How to Design Destructive Actions That Prevent Data Loss

Data loss is one of the greatest frustrations users can experience with computers. They not only lose their data but also their time and money they put into it. For businesses, this could mean hundreds of man-hours and thousands of dollars lost. Don’t let this happen to your users.

A study found that human error causes 30% of data loss disasters [1]. This means that good UX design can prevent these disasters from happening. Below are a few techniques that’ll prevent your users from ever experiencing this frustration.

Use Red Warning Signals in a Confirmation

When users press a button with a destructive action, don’t execute it immediately. There’s a chance they may have pressed the button by mistake. What you should do instead is prompt users to confirm the action with a confirmation screen.

Do not make the destructive action button a normal color like blue. Instead, use a red button to warn users they’re about to commit a dangerous act. Red is a strong visual cue for warnings because it captures attention easily.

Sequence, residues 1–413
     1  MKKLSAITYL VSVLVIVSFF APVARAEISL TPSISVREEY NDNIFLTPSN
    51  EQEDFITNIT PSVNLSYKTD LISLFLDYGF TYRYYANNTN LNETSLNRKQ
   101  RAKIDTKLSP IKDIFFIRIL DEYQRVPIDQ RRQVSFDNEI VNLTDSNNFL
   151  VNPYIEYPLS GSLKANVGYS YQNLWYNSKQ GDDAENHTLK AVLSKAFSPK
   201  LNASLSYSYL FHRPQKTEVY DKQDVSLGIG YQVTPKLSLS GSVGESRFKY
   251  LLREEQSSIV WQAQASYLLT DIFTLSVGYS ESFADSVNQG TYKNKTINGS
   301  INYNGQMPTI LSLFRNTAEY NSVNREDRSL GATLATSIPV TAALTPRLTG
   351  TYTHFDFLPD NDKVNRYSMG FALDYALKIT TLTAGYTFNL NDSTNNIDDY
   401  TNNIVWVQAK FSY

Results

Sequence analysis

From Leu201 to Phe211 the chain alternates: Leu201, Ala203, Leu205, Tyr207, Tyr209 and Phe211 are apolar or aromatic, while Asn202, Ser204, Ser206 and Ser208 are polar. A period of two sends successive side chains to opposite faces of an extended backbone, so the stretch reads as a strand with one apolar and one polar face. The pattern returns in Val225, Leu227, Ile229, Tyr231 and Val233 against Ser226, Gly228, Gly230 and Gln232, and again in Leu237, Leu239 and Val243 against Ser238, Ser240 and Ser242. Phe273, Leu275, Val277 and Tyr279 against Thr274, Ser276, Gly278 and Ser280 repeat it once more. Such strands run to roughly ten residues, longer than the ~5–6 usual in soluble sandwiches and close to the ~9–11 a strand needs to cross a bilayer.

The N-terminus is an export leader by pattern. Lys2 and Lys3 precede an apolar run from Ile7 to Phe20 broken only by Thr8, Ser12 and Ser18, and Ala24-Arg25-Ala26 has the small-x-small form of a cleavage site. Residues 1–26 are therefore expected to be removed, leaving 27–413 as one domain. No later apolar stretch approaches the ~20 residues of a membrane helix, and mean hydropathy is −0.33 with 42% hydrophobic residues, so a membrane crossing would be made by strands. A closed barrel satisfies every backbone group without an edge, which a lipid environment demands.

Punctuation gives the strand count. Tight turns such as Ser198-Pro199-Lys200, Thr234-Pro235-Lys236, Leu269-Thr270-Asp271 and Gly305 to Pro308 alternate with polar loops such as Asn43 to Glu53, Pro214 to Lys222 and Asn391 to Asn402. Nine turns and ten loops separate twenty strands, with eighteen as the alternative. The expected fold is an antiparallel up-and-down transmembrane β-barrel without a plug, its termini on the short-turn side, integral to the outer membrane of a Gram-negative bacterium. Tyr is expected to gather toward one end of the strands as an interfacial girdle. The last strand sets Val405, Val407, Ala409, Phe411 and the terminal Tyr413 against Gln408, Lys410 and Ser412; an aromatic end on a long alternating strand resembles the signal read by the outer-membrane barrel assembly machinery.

Avoid using red buttons for normal call to actions, otherwise you’ll alarm users. Reserve them for destructive actions only. Cool colored buttons are better suited for normal call to actions because they’re less alarming.

While a red button alerts most users, some may not take it seriously. Additional visual cues would make the warning stronger for everyone. This especially helps color blind and visually impaired users who have trouble seeing color differences.


To give your warning signal more strength, display an icon on the confirmation screen that represents the destructive action. For example, the icon for delete that users are familiar with is a trash can. When users see the icon, they’ll associate the current action with deletion.

You can strengthen the warning signal a little more by adding a red stripe to the top of the screen. Now, when users see the confirmation screen, they’ll have three red warning signals indicating that they’re in a serious situation and about to commit a dangerous act. This makes the user more mindful of their actions and the situation to prevent them from pressing the wrong button.